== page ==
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Interview:
Chris Cornell Ready To Go It Alone
 

By GARY GRAFF
Of the Oakland Press

» See more SOUND CHECK

With the release of his second solo album, Chris Cornell has decided he's an audio slave to no band anymore.

The Seattle-born singer, who's fronted a pair of platinum rock bands -- Soundgarden and Audioslave -- since 1984, is now comfortably, and happily, on his own again. His new "Carry On," which debuted at No. 17 on the Billboard 200 chart in June, marks his re-entry into the solo world, and at this juncture Cornell says he has no desire to do anything else.

"I think I've spent enough time in band situations and put all I had into those situations when I was in them -- my entire life, really," Cornell, 42, explains. "But recently I knew in my heart that isn't where my passion lies.

"As someone who could just as easily be doing it alone, I haven't spent much time doing that. That time for me is now. I'm ready to go make my own records and just have this period in my life where I'm a solo artist and that's what I do."

According to Cornell -- whose first solo album, "Euphoria Morning," came out in 1999, after Soundgarden's split --- the feeling was kindled by a couple of events during the making of Audioslave's third and final album, 2006's "Revelations."

The first was having one of his songs, "Finding Forever," knocked off the group album. "I really loved (the song)," Cornell says, "and (producer) Rick Rubin really loved it. That kinda made me feel like, 'OK, I'm gonna be making another solo record at some point soon' -- not taking into consideration whether Audioslave would be around or not."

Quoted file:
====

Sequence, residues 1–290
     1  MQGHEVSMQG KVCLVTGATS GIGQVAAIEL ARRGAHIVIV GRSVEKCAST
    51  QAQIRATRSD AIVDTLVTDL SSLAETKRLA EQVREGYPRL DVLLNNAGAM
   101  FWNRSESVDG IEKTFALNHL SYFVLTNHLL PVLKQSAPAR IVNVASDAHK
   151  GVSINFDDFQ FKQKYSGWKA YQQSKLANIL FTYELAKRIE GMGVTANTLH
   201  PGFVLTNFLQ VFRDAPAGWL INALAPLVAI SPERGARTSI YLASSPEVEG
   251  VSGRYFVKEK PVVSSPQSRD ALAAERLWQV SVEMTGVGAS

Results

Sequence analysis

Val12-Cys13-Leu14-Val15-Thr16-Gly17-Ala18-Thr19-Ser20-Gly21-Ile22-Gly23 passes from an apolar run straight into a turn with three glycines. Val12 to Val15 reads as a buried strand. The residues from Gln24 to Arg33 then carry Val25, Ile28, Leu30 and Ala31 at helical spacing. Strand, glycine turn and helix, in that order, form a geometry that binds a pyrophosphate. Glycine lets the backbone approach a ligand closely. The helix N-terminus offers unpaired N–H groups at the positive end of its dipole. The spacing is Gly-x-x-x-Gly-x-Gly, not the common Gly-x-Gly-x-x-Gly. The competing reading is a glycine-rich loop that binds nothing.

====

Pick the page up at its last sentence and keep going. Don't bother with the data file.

Cornell, in fact, "saw the potential" of Audioslave breaking up during the making of "Revelations."

"We had about three or four meetings where we were trying to come to some sort of terms about how we were going to conduct business in the future moving forward as Audioslave," he recalls. "Everybody tried pretty hard to somehow connect, but it became almost like a political negotiation. It just didn't feel good to me.

"So I just decided, 'Y'know what? I'm going to go make a record now, and I love music too much to be spending time arguing over points about a future that may or may not exist."

There was, he says, the thought of taking the tact that "we don't break up, we just kind of put (the band) on the back burner." But Cornell says "that didn't sit well with me in my stomach. It didn't seem honest. I don't really want anything holding me back, and I don't want anything distracting me.

"I know where my passion lies."

Cornell feels confident that fervor is evident on "Carry On" -- which includes "You Know My Name," his contribution to the latest James Bond film, "Casino Royale," and a languid version of Michael Jackson's "Billie Jean" that he experimented with during his solo acoustic sets at Audioslave shows. His philosophy throughout the recording was "to make a record that I think other people will be inspired by by making sure I'm inspired by it first," and Cornell, who has three children from two marriages, says it was easier doing it this time than when he made his first solo album eight years ago.

"It's more relaxed, less self-conscious in a sense," he explains. "I really love ('Euphoria Morning'). I'm really proud of it, and I learned a lot about music making it. But it was my first solo album, and it was nerve-wracking just doing that.

"The beauty of it is once that was released was I never had to have a debut solo album again. So I think making ('Carry On') was probably the most relax I've ever been writing for a record or recording it. There wasn't one thing that went wrong, and all the surprises were pleasant ones.

"It was a great way to start down the road I want to stay on for a long time."



Chris Cornell and Juliette & the Licks perform at 7:30 p.m. Sunday (July 22nd) at the Fillmore Detroit (formerly the State Theatre), 2115 Woodward Ave., Detroit. Tickets are $45 adn $32.50. Call (313) 961-5450 or visit www.livenation.com.

Web Site: www.livenation.com

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